The trading border between the two jurisdictions in Ireland needs to be where the political, constitutional and currency border is, and that is perfectly achievable with goodwill on the EU and UK sides without causing significant problems. Under this proposal the North-South Irish border would remain invisible, just as it is today.

Current calls by some Irish Nationalists for a Border poll and a date to be set for that are divisive and provocative to Unionists. The armed violence of the 1970-1996 period has left the two Northern communities more divided than ever before.  If the Republic seeks to remain in the EU while the UK leaves, it only serves to add a further dimension to Partition.  It is unrealistic of Irish Nationalists to expect any significant body of Northern Unionists – at whatever distant point in the future – to embrace unity with an Irish Republic that is a member of the EU and uses the euro currency.

It is unrealistic also to imagine that it can ever be in the security interest of Britain to have either a United Ireland or a Scottish State inside a Federalised EU that is dominated by Germany and France, countries that historically have been Britain’s continental enemies.

This is even more obviously the case when the post-Brexit EU is now openly planning to establish its own army.  Irish Nationalism from the days of Eamon De Valera onward has always held that a United Ireland would never be a security threat to Britain. Yet a United Ireland inside a Federalised EU that had its own military forces would undoubtedly be that.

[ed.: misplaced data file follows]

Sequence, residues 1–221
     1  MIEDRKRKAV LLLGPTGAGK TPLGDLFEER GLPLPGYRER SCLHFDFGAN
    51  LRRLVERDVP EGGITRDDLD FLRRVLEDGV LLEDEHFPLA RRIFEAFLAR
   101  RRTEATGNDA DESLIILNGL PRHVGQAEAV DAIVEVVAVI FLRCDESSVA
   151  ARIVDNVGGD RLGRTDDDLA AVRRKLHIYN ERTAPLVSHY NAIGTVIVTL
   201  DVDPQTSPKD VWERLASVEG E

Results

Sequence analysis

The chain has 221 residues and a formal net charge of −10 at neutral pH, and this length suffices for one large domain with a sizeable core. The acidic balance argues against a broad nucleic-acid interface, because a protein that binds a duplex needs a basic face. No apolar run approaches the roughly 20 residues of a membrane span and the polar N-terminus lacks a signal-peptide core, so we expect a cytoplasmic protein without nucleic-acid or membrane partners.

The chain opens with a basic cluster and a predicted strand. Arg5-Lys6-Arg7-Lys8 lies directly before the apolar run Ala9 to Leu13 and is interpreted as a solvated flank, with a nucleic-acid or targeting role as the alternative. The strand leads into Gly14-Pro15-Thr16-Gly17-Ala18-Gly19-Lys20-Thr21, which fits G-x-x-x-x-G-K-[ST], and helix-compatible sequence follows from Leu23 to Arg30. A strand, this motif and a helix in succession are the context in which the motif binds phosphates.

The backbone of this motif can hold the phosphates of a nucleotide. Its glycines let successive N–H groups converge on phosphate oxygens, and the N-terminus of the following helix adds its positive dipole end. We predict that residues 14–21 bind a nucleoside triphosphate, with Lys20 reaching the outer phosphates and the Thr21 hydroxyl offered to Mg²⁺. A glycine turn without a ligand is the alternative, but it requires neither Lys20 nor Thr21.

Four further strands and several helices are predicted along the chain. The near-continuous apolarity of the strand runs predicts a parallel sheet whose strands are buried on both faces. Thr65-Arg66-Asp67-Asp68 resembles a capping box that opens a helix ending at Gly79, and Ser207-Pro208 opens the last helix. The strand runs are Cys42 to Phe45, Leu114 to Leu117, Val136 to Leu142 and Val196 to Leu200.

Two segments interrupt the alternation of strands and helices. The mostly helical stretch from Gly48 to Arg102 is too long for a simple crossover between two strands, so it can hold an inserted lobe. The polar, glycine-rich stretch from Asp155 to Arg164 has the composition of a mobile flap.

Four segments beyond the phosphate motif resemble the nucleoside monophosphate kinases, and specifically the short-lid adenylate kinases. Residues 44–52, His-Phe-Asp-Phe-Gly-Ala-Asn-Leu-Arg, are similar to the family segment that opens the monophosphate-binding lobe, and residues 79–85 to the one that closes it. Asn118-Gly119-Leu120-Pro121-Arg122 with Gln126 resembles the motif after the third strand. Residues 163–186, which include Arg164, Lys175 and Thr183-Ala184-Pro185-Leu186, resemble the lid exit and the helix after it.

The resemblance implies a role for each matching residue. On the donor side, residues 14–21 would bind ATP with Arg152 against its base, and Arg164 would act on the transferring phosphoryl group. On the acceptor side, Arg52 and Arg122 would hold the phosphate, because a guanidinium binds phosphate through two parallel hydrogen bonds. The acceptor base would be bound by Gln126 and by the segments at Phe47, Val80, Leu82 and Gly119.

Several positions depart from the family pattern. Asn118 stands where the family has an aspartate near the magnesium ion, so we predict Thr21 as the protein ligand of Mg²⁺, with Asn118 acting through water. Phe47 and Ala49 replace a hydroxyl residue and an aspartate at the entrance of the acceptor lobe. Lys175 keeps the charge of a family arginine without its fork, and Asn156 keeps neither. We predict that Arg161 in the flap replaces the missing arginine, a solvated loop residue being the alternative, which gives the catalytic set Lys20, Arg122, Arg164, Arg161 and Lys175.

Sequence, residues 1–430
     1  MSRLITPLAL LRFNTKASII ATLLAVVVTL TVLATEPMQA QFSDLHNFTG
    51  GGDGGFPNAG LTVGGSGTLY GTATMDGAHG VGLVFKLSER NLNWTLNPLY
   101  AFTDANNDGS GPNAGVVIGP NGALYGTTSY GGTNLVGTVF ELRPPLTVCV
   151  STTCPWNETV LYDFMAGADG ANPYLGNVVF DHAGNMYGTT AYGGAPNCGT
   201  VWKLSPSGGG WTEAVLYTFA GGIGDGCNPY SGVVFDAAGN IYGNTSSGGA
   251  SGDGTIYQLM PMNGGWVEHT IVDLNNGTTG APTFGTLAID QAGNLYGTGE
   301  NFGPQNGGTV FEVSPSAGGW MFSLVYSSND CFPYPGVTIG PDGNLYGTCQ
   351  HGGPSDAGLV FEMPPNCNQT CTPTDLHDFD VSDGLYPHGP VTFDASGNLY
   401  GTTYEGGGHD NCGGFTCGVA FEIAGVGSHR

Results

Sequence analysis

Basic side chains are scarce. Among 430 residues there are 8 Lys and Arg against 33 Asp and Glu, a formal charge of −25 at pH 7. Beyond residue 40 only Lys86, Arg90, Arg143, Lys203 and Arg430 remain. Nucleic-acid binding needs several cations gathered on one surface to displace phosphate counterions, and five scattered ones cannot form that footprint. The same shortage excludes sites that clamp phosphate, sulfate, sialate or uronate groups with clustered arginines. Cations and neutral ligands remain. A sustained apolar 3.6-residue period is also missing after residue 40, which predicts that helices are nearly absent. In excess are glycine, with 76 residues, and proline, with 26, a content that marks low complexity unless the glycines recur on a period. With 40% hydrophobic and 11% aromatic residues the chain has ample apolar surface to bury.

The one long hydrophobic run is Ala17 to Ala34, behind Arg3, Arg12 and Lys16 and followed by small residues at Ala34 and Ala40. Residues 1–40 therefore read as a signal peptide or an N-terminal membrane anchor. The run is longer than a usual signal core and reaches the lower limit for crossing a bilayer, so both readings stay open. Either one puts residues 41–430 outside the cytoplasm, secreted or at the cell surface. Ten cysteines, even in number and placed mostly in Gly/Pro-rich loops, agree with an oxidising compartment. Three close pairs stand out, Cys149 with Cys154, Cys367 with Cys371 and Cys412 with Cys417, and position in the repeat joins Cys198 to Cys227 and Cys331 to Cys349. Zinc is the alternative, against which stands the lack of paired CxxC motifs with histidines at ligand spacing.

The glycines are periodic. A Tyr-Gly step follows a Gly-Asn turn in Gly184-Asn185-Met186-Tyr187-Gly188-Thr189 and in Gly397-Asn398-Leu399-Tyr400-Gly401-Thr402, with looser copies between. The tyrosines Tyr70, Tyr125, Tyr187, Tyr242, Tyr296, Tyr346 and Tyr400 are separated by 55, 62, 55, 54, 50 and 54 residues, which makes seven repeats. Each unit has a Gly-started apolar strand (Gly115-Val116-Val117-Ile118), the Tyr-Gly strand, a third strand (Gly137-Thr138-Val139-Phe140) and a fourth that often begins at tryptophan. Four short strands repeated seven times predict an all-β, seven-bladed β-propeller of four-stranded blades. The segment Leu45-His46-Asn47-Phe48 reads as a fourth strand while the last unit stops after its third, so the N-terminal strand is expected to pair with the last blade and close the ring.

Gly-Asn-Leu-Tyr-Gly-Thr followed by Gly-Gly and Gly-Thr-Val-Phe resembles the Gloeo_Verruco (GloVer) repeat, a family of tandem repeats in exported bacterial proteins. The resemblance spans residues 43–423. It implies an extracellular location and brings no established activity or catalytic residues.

The current Sinn Fein Party leadership’s call for a reunified Ireland inside the EU, just like the Scottish National Party’s slogan of “independence in Europe”, poses questions as to the character of their nationalism. If these parties stood for genuine national independence, they would be aiming to establish their own national currencies, make all their own laws and institute their own unique national citizenships, rather than opting for a subordinate second-class citizenship in a dual-citizenship Federal EU – as under the EU’s 2009 Lisbon Treaty would be the corollary of a political existence outside the UK.

Leaving the British Union to become a Member State of the European Union is not independence at all, but rather a shift from a political union of four national elements to one of 27 or 28 EU States, entailing a dramatic reduction in such political influence as the people of Northern Ireland and Scotland currently have, and such democracy as they can now exercise. Thinking Irish Nationalists should therefore be advocating an Irexit to follow Brexit as a way of helping to accommodate the “Britishness” of Northern Unionists, at however distant future date, while in the meanwhile they should be supporting Unionist calls to oppose the Northern Ireland Protocol because of the manifest threat that it poses to the Good Friday (Belfast) Agreement.

Anthony Coughlan is Associate Professor Emeritus in Social Policy, Trinity College Dublin; he is also Spokesman for the National Platform EU Research and Information Centre, Ireland.


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Anthony Coughlan